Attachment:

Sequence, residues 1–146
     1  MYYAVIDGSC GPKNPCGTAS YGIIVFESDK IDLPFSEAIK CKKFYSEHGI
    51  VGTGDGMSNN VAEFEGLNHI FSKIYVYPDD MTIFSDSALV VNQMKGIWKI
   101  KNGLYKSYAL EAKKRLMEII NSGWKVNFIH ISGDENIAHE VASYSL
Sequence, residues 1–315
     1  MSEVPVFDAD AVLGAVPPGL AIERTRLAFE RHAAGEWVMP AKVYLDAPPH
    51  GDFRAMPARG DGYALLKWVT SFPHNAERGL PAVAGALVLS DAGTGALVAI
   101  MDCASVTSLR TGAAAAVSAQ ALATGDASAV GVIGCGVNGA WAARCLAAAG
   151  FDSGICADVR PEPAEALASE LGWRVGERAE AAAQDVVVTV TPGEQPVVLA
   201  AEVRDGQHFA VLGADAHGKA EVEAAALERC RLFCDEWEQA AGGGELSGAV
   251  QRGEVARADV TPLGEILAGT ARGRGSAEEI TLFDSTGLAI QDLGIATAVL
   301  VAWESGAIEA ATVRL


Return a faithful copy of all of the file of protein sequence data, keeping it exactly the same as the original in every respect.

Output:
Sequence, residues 1–146
     1  MYYAVIDGSC GPKNPCGTAS YGIIVFESDK IDLPFSEAIK CKKFYSEHGI
    51  VGTGDGMSNN VAEFEGLNHI FSKIYVYPDD MTIFSDSALV VNQMKGIWKI
   101  KNGLYKSYAL EAKKRLMEII NSGWKVNFIH ISGDENIAHE VASYSL
Sequence, residues 1–315
     1  MSEVPVFDAD AVLGAVPPGL AIERTRLAFE RHAAGEWVMP AKVYLDAPPH
    51  GDFRAMPARG DGYALLKWVT SFPHNAERGL PAVAGALVLS DAGTGALVAI
   101  MDCASVTSLR TGAAAAVSAQ ALATGDASAV GVIGCGVNGA WAARCLAAAG
   151  FDSGICADVR PEPAEALASE LGWRVGERAE AAAQDVVVTV TPGEQPVVLA
   201  AEVRDGQHFA VLGADAHGKA EVEAAALERC RLFCDEWEQA AGGGELSGAV
   251  QRGEVARADV TPLGEILAGT ARGRGSAEEI TLFDSTGLAI QDLGIATAVL
   301  VAWESGAIEA ATVRL